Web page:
Olympic light shines on food sales
By: Michelle Russell - 4 September 2012 15:54
While the London Olympics may have failed to boost total UK retail sales in the three months from June to August, food featured as the one shining light.
According to figures released by the British Retail Consortium and Nielsen total food sales were up 3.4%, with like-for-like sales up 0.8%.
UK retailers had hoped the Olympics would inspire a pick-up in spending, but these hopes appear to have been dashed, for the most part, as shoppers stayed away from the high street, with total like-for-like sales only up 0.4% in the three month period. August was the worst month, with like-for-like sales down 0.4%.
Food and drink sales, however, were supported by Olympic-related celebrations and a warmer middle of the month. Party snacks, such as crisps and nuts, were consumed in front of the TV, while hotter weather saw strong sales for barbecue foods including meats, salads, ice-cream and alcohol, the BRC noted.
Conlumino analysts said the grocery sector was "the one winner" from the Olympics. "Sales of soft drinks, snacks and confectionery all performed above average helping the sector as a whole."
Yet, while the Olympics may have given food sales a boost, the industry will need to be aware that the sales increase may have been due to inflation and not necessarily improved volumes.
Nielsen's senior manager for retailer services Mike Watkins believes retailers need to rein in price increases going forward, with underlying demand still weak.
"It's been a roller coaster year for inflation and we know that shoppers remain cautious and are probably more inclined to save than spend any small increase in household income. So, despite lower inflation in food, slight deflation in non-food and after one of the most intense periods of vouchering from supermarkets during the summer, retailers will now need to focus on limiting any price increases for the rest of the year, as underlying demand is still weak."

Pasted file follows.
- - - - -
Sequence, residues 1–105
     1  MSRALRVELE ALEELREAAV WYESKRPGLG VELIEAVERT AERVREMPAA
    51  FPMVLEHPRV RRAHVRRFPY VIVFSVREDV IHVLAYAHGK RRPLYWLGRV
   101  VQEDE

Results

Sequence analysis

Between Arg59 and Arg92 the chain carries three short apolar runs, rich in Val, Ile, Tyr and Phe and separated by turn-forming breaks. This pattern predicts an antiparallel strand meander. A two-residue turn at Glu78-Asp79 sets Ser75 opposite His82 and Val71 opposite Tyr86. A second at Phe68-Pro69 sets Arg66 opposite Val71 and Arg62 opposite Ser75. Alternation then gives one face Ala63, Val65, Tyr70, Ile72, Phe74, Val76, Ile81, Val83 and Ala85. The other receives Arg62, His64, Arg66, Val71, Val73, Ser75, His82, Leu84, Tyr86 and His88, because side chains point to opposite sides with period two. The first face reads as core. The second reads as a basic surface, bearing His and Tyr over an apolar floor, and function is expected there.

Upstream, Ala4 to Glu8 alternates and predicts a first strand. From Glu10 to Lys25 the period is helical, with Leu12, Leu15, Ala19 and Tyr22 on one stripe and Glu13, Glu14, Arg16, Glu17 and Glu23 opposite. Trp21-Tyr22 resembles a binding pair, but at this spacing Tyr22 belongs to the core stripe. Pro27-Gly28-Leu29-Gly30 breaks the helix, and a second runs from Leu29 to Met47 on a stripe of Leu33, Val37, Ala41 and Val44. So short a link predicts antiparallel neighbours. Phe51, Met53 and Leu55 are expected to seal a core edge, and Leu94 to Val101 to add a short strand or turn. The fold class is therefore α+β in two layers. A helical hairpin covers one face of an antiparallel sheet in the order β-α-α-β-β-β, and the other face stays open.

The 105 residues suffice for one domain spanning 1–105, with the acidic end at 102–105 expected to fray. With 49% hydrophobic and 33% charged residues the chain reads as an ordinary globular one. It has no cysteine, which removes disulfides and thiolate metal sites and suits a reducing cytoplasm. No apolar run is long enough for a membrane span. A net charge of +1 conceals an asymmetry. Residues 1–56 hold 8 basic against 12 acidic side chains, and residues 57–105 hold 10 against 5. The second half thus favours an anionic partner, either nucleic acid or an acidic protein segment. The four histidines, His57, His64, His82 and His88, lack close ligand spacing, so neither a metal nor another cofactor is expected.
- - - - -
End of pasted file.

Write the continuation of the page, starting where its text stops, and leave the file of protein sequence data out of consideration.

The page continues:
Morrisons is due to release its half-year results on Thursday and in a market dominated by special offers and price matching guarantees, analysts are expecting the UK's fourth-largest retailer's results to show it is feeling the squeeze.
The retailer has faced fierce competition from Tesco, and Asda has also been treading on Morrisons' toes with the help of recently-acquired Netto stores. Morrisons has also been contending with competition from German discounters Aldi and Lidl.
Data from Kantar Worldpanel shows Morrisons continued to lose out to rivals in the 12 weeks to 5 August. Its overall sales rose 1.8%, giving it a market share of 11.7%, down from 11.9% a year ago.
According to Shore Capital analysts, Morrisons' under-performance seems to be widening.
"The most notable score to our minds is that for Morrisons' supermarkets, which reads circa 1.5% sales growth in the 4-weeks to mid-August. Whilst comparatives are steady, such a measure is a worry to our minds because it implies negative LFL volumes (after new space and inflation) and, in Morrisons case, scope for negative operational gearing; that will at least offset the benefit of productivity programmers.
"Such a performance also suggests to our minds at least that fresh formats are either not performing or, if they are, non-modernised stores are going backwards at a rate of knots."
And the analysts believe this kind of momentum means Morrisons second half has "not started with a bang".
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